Walks can be a thrilling time of the day for your dog. It’s when they get to go out and start exploring. They see other dogs and people, as well as experiencing a lot of new sights and smells – even if you take them on the same route each day, it’s still very exciting to them!
Your dog may become overexcited during these times, so it may be hard to control them, especially if they are bigger dogs. It is important that your dog knows you are in charge, so let's go over some steps on how to train your dog to be calm on walks.
Often, when our dog starts to bark, lunge, or pull, our first reaction is to jerk them back. However, that is not very effective. They still get to go where they want to, so the first step in training your dog to be calm on walks is to work with them on leash manners, including not pulling or lunging.
When your dog starts to pull, stop. Hold your ground and do not move. This will teach your dog that you are in control and that they cannot pull you where they want to go. This is especially important with bigger dogs as they may be stronger than you. Once your dog stops pulling, you may start to walk again. As soon as they begin to pull, stop again.
Another tip is to walk in different directions. You can start to walk to the left or the right, taking turns you wouldn't usually take instead of going straight. This will help your dog to start looking at you when they are walking. If you need to pull, jerk to the left or right.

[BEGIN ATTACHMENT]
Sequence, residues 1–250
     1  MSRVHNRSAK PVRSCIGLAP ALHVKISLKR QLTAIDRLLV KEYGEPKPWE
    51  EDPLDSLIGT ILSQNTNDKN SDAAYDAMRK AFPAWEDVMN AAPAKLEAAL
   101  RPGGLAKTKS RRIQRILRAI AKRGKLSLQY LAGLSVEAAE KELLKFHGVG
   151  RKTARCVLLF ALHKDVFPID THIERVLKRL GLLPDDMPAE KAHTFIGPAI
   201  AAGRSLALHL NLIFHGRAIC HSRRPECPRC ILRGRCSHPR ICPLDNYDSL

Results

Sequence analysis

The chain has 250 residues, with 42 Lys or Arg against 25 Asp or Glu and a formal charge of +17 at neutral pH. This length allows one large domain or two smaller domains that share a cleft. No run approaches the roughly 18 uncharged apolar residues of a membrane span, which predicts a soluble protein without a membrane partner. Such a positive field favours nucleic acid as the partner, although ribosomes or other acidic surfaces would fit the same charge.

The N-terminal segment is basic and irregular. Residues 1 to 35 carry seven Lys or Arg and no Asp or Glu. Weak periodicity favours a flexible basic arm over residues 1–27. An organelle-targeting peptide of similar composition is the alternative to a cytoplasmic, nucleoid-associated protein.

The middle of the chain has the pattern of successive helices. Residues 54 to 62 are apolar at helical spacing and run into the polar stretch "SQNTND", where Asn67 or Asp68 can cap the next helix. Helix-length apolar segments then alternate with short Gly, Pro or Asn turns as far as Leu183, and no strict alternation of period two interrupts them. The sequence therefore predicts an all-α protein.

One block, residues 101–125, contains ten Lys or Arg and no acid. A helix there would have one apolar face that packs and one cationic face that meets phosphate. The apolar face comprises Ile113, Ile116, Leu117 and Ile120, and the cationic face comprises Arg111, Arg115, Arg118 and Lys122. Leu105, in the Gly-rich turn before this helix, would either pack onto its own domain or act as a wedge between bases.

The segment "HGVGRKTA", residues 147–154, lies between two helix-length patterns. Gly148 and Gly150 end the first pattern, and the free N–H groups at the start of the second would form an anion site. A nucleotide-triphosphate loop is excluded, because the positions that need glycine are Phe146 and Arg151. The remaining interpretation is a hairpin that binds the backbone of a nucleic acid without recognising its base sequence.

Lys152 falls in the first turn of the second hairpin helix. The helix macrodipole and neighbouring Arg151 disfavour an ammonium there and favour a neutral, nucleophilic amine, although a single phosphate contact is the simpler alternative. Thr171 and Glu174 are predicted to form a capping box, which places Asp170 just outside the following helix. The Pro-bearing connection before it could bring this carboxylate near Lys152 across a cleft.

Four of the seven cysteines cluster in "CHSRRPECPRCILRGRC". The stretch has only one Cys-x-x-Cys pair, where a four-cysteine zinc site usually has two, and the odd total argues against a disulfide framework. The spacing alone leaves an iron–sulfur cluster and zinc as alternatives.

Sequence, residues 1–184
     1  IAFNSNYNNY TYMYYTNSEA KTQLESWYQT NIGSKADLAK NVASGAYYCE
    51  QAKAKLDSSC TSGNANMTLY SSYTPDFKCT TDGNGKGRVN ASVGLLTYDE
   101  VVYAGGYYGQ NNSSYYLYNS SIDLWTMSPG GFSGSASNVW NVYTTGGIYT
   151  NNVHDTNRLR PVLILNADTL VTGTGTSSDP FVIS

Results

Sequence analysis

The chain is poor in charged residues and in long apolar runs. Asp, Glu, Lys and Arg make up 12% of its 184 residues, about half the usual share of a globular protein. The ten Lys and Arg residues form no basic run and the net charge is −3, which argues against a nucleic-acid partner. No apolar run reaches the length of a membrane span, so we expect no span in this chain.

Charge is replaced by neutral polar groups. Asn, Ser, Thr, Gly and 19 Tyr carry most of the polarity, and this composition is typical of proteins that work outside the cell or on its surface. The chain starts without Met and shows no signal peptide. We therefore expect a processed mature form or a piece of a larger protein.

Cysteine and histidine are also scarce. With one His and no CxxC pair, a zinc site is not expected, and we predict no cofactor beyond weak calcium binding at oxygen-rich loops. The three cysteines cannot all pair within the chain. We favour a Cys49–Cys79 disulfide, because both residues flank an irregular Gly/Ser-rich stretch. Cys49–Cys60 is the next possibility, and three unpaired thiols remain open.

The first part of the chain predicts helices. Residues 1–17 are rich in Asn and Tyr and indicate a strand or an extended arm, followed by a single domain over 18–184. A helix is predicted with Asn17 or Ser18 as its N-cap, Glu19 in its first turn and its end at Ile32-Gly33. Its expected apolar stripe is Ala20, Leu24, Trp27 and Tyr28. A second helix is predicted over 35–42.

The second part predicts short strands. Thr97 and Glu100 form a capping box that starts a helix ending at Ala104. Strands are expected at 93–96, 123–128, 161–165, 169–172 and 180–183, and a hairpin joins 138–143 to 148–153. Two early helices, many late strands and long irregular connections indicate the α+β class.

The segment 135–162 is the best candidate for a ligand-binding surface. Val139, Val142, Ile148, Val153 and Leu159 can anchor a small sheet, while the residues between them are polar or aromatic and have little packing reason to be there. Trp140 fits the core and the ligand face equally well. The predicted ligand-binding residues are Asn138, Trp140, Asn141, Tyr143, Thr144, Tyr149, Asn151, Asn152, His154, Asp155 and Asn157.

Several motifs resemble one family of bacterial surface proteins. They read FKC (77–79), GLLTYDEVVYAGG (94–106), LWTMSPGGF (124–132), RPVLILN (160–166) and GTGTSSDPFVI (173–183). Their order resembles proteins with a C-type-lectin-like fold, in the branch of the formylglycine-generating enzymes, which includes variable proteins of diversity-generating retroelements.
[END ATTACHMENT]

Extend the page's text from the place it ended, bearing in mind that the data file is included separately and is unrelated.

Consider what you are walking your dog with. Are you using a back clip harness? Even though it may be better for your dog, it makes it easier for them to pull. You may want to switch to a collar until they stop pulling, though a collar may be easier for them to slip out of. Test out different methods that work best for you.
Calming your dog on a walk will be much easier if they understand simple commands, like sit, stay, and down. Start training your dog inside with little distractions. Once they master the command, start to work on it outdoors, first, without any distractions. The goal is to desensitize your dog to their environment and help them listen no matter where they are. This will help when there are other dogs or people they need to ignore.
Practice with your dog before they see people, and work to keep their attention when the distraction gets closer. Make sure they are rewarded with treats or praise to help them understand they are doing a good job. The more you practice, the more your dog will listen in the heat of the moment.
Most dogs are food motivated, so if all else fails, make sure you have treats ready! These can act as great distractions, getting your dog to come to you to get a treat. These should also be used when they follow commands or are simply walking without pulling. Positive reinforcement works wonders when you are trying to train your dog to be calm on walks.